Local impact funds will work by using local enterprise partnerships – which involve local authorities and businesses – to tap into a European development fund. The impact funds will then be able to use this money to help secure matched funding from other investors.

There is a ground-breaking opportunity to use local impact funds to attract more than £100m of new social investment in the next couple of years, enabling charities to create new jobs and improve services in their communities.

It was good to do this with Nick Hurd MP, our Civil Society Minister. And it was good to pay tribute to him as I introduced him in the grand surroundings of the Georgian St George's Hall. Nick has been passionate about the power of social investment and has done much to help grow the market. He was with us to endorse and support the new Fund. Nick is about to become the longest serving sector Minister. We have had a few since I persuaded Tony Blair to appoint a Third Sector Minister and since the very first one; a certain Ed Miliband!  And Nick has proved a great choice. He "gets" the sector – our quirks and fantasies as well as our ambitions and drive. He is supportive and has certainly lived up to the aim to "do no harm," as he said he would do when appointed.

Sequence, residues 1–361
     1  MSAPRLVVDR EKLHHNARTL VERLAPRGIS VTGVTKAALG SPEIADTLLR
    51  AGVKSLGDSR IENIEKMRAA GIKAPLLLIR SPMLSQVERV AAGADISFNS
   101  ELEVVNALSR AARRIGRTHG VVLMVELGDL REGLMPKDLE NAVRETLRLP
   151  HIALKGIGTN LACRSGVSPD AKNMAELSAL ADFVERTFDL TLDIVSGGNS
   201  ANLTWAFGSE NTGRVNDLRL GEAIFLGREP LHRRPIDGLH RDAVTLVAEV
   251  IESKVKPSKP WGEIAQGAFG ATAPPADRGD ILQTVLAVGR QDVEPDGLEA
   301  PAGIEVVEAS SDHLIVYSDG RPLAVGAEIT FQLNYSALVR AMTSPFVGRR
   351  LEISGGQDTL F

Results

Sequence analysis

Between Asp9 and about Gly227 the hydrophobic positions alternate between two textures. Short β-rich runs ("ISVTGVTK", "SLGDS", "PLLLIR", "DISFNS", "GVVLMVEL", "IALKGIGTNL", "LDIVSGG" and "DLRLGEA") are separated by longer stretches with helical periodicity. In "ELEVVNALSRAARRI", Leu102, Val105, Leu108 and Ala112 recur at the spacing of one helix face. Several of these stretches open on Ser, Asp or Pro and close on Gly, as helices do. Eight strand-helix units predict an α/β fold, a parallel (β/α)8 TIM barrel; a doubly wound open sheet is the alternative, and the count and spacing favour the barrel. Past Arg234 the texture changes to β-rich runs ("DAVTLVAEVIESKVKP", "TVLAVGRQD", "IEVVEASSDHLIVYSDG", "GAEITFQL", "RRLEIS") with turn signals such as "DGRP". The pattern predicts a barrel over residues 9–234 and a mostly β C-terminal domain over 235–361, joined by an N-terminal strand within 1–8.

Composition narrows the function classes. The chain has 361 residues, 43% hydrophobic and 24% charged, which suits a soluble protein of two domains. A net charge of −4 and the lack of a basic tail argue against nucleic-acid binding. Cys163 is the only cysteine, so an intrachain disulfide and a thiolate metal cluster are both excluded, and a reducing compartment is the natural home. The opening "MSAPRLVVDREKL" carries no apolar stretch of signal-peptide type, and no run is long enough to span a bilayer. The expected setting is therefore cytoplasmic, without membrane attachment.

Nick Hurd and Jonathan Jenkins

It was also fun to be on the platform with the Mayor of Liverpool, Joe Anderson. Good to have him there. As yet the Council have not put money into the Fund, but I'm sure they are looking at this. 

Then it was back on the train to attend a reception for the country's top 500 most influential people.....can't say more at this stage. Partly because I've left my ego on the luggage rack of the train...